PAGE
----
U.S. Senate candidate Kyrsten Sinema, at a town hall event with Southwest Gas employees, also met with representatives from medical nonprofits and answered questions from seniors at an assisted-living community on the northwest side.

U.S. Rep. Kyrsten Sinema spent most of her Monday in familiar territory, a series of meetings with constituent groups in Tucson.

The 42-year-old Democratic Senate candidate still calls the Old Pueblo her hometown, even though she moved out of the area with her family when she was 8.

On the campaign trail, Sinema spoke to Southwest Gas executives about her approach to regulatory reform, met with representatives from several medical nonprofits and Tucson Medical Center about future health-care legislation, and answered questions from seniors at an assisted-living community on the northwest side.

In her travels across the state since announcing her candidacy last year, Sinema says the top issue with voters is health care.

“It doesn’t matter which community you are in, health care is the number-one issue that Arizonans are talking about,” Sinema said. “It is not just Arizonans who don’t have health-care coverage, many of those who are expressing concerns and fear are Arizonans who do have coverage but cannot afford it.”

In a roundtable discussion with patient advocates and local health-care providers on how to improve access to health care in Arizona, Sinema spent just as much time writing down notes as she did talking about her platform and her approach to finding solutions in Congress.

The three-term congresswoman said she is a member of the bipartisan Problem Solvers Caucus in the House of Representatives and that she wanted to bring back some of the issues raised during the meeting to her colleagues in Congress.

Reading her notes after the meeting with health-care providers, Sinema said some of the requests might take years to work their way through Congress — for example, covering dental needs in certain types of insurance offered by the state.

“But were are working on it,” she said.

She cited as an example a meeting with an engraving company in Phoenix, which persuaded her to work on changing the definition of what a small company is when determining requirements for providing health insurance.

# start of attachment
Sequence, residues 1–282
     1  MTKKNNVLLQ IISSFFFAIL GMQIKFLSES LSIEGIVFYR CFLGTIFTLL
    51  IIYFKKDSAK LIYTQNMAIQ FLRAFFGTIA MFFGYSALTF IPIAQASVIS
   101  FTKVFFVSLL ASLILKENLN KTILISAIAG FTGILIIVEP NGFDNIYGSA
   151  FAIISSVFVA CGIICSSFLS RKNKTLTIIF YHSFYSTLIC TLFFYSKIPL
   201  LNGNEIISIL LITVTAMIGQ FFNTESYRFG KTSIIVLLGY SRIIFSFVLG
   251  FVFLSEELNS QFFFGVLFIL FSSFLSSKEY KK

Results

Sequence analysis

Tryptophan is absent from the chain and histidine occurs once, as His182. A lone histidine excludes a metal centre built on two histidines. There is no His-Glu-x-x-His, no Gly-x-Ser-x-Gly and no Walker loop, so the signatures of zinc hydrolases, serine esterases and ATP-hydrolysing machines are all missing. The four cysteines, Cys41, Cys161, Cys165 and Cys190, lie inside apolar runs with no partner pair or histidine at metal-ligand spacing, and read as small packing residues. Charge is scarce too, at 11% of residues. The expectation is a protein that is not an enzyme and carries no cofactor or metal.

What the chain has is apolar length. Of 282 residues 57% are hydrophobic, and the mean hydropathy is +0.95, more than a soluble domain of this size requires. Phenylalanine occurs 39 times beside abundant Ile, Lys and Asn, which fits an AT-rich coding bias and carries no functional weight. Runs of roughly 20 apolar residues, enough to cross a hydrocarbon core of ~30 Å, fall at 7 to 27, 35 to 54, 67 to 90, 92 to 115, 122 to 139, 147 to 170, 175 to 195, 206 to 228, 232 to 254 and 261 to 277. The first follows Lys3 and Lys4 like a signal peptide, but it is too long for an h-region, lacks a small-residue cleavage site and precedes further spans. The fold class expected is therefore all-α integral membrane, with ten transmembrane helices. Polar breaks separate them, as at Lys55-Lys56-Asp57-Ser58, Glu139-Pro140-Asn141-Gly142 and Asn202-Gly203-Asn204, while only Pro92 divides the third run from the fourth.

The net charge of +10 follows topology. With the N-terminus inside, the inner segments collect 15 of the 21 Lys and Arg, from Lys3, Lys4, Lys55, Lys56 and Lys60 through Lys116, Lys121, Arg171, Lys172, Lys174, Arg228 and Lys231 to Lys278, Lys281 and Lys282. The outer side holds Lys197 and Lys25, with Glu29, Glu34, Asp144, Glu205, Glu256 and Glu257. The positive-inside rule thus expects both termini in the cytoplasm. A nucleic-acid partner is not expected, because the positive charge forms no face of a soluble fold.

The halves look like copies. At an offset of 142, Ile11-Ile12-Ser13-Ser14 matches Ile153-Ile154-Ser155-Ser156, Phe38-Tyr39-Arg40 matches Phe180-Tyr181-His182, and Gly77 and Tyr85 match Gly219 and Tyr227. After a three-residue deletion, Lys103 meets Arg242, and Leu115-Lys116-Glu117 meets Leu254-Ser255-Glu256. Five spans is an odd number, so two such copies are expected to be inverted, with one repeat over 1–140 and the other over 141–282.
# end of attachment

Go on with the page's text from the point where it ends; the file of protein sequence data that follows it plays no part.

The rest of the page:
Widely considered to be the front-runner in the Democratic primary for the Senate seat now held by Jeff Flake, Sinema has been criticized by members of her own party.

In May, Pima County Public Defender Joel Feinman pushed the Pima County Democratic Party to consider a resolution that condemned U.S. Rep. Tom O’Halleran of Congressional District 1 and Sinema, who represents CD 9, for “their willingness to compromise on core Democratic Party values,” specifically how often their votes were in line with President Trump’s positions.

The measure was rejected by the party’s executive board.

But Sinema isn’t afraid to offer criticism of Trump on the campaign trail.

On Monday, the president signed the National Defense Authorization Act — but he refused to acknowledge its official title — the John S. McCain National Defense Authorization Act For Fiscal Year 2019.

“It was named for John McCain by Congress, and I wished he would have honored him today,” Sinema said.

“Regardless of what is said in a bill-signing ceremony in New York, in Arizona we know it is the John McCain Act.”

Sinema faces Phoenix lawyer Deedra Abboud in the Democratic primary Aug. 28. The winner faces the Republican primary winner in November’s midterms.

Contact reporter Joe Ferguson at jferguson@tucson.com or 573-4197. On Twitter: @JoeFerguson

Reporter

Reporter with the Arizona Daily Star. I cover politics as well as the city of Tucson and other municipalities in Southern Arizona.